After 142 years, the frenzy of the open-outcry commodities markets in New York epitomized in the 1983 movie 'Trading Places' (see video below), where traders gesture and yell across pits to trade, is no more.
Formerly known as the New York Board of Trade, the ICE Futures U.S exchange was the main venue for U.S futures and options on cocoa, coffee, cotton, orange juice and sugar.
Its history dates back to the New York Cotton Exchange, founded in 1870, which later became the Coffee, Sugar and Cocoa Exchange. In 1998, they merged to form the New York Board of Trade.
IntercontinentalExchange, which bought the exchange in 2007, said yesterday that from October 22 all options listed on ICE Futures U.S will trade exclusively through its electronic trading system.
The move to close down its trading floor comes four years after ICE shifted all futures trading to computers. Still, the trading floor continued to be a venue for options on futures as these were seen as too complex to trade only electronically.
But in the past year, as options functionality on the ICE platform increased, electronic trading of options accelerated. In April 2011, electronic execution accounted for approximately 10% of options volume, compared to more than 75% today, ICE said in a release.
"The rapid adoption of electronic trading by options market participants is strong validation of the capabilities ICE has built into its electronic trading platform," said Ben Jackson, president of ICE Futures U.S. "
In January, ICE imposed a $6,000 annual access and usage fee on floor traders who failed to meet volume targets, the Financial Times reports.
About 100 floor traders are still in action today, down from 150 a year ago and 330 when ICE ended floor-based futures trading in March 2008.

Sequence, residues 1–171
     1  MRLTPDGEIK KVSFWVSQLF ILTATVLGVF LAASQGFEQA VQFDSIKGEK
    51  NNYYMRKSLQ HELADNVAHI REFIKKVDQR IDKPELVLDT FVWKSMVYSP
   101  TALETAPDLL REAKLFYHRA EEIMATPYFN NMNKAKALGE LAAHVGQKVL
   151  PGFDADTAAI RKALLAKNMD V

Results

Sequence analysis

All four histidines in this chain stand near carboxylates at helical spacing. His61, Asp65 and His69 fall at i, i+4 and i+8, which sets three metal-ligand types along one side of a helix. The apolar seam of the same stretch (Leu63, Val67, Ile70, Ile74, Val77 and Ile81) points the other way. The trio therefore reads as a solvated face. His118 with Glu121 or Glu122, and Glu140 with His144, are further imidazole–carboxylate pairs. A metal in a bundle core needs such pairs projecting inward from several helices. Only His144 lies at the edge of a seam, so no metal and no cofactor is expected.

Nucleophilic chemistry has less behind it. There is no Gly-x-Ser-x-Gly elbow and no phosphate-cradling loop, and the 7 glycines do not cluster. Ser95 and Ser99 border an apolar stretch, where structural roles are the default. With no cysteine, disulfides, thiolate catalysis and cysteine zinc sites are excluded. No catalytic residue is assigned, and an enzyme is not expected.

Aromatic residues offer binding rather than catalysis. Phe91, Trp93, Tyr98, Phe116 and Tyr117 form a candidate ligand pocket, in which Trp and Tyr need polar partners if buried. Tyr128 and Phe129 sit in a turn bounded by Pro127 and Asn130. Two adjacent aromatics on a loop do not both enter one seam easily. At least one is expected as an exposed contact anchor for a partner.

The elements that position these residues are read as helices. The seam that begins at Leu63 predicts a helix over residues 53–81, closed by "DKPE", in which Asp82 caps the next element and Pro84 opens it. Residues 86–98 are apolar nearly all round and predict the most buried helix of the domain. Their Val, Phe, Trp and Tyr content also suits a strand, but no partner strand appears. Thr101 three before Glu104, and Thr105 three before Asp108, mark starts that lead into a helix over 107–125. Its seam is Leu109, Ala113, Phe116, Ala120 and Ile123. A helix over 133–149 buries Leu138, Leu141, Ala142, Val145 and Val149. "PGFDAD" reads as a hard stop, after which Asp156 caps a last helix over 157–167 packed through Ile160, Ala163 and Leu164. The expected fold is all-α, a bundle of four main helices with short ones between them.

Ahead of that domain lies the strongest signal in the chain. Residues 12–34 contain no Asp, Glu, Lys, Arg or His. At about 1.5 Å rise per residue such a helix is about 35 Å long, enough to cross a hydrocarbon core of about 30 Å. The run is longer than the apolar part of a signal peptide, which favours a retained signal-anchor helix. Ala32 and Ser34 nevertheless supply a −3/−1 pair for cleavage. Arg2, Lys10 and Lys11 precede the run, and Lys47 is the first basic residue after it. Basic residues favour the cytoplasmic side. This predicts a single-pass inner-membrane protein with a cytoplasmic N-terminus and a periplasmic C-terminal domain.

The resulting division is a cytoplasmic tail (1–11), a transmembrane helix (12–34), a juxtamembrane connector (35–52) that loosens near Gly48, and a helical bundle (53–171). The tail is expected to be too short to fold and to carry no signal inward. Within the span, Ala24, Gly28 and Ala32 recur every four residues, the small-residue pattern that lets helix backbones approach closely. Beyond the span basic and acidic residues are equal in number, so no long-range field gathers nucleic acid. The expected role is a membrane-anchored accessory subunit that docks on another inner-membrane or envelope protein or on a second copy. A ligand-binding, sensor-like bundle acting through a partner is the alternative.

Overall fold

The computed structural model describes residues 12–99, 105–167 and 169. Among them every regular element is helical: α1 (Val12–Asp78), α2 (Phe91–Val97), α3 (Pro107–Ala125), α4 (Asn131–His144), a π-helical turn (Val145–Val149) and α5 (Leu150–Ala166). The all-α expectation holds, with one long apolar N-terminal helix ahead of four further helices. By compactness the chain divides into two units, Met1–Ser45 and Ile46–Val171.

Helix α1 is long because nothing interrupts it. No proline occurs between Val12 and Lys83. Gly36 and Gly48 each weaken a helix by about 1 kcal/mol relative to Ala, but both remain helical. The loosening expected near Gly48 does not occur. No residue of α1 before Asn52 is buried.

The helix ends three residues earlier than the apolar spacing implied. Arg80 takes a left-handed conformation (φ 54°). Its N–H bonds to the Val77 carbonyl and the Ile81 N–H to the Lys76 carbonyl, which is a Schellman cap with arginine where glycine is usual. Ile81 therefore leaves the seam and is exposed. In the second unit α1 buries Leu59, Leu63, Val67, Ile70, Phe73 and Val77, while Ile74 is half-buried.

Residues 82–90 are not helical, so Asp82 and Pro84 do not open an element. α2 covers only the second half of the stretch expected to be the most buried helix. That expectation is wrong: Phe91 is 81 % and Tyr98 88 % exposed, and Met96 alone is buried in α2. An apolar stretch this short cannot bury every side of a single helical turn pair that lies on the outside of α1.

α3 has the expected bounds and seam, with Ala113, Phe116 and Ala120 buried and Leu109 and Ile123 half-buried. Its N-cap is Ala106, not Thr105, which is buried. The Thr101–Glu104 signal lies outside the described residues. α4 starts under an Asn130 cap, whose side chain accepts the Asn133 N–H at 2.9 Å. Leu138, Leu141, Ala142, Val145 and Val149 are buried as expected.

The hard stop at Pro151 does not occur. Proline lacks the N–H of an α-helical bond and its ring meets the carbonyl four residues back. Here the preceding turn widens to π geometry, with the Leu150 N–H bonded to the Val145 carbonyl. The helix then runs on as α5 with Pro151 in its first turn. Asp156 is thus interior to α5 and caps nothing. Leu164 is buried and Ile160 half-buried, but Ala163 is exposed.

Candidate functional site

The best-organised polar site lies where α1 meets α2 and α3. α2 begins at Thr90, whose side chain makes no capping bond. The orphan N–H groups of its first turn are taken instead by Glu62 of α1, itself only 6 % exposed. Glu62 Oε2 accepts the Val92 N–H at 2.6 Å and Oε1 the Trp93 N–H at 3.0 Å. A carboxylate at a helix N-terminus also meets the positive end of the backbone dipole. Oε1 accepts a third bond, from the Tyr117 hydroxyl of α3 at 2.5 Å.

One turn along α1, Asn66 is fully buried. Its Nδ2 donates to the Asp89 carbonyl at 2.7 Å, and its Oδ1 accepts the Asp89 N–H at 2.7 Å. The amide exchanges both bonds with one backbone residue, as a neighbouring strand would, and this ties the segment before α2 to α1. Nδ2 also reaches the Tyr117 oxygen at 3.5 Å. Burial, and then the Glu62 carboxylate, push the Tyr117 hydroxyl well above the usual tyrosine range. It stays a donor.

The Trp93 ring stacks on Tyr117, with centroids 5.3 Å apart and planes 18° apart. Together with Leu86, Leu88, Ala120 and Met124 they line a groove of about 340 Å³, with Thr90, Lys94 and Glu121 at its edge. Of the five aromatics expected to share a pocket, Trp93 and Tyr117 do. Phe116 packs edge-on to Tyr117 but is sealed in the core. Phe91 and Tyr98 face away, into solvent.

"You could shoot a shot through the floor and not hit anybody," a cotton broker told Reuters, speaking about a recent visit to the floor.
“I don’t see how the floor closing better serves the customer or the merchant that uses options products,” Thomas Butler, a cotton broker who chairs the ICE executive floor committee, told the FT. “I feel it was a little bit premature, but inevitable.”
ICE Futures U.S rents space on the seventh floor of the New York Mercantile Exchange building from its rival CME Group, under a lease that expires in June 2013.
The New York Board of Trade had been in the space in 2003, after the September 11 attacks destroyed its former location in the World Trade Center.
The FT reports that in 2013, IntercontinentalExchange plans to move to the office space in Manhattan that was formerly occupied by disgraced futures broker MF Global – whose primary regulator was CME Group. An electronic “dealing room” will be available for brokers who need one, ICE said.
Melanie Rodier has worked as a print and broadcast journalist for over 10 years, covering business and finance, general news, and film trade news. Prior to joining Wall Street & Technology in April 2007, Melanie lived in Paris, where she worked for the International Herald ... View Full Bio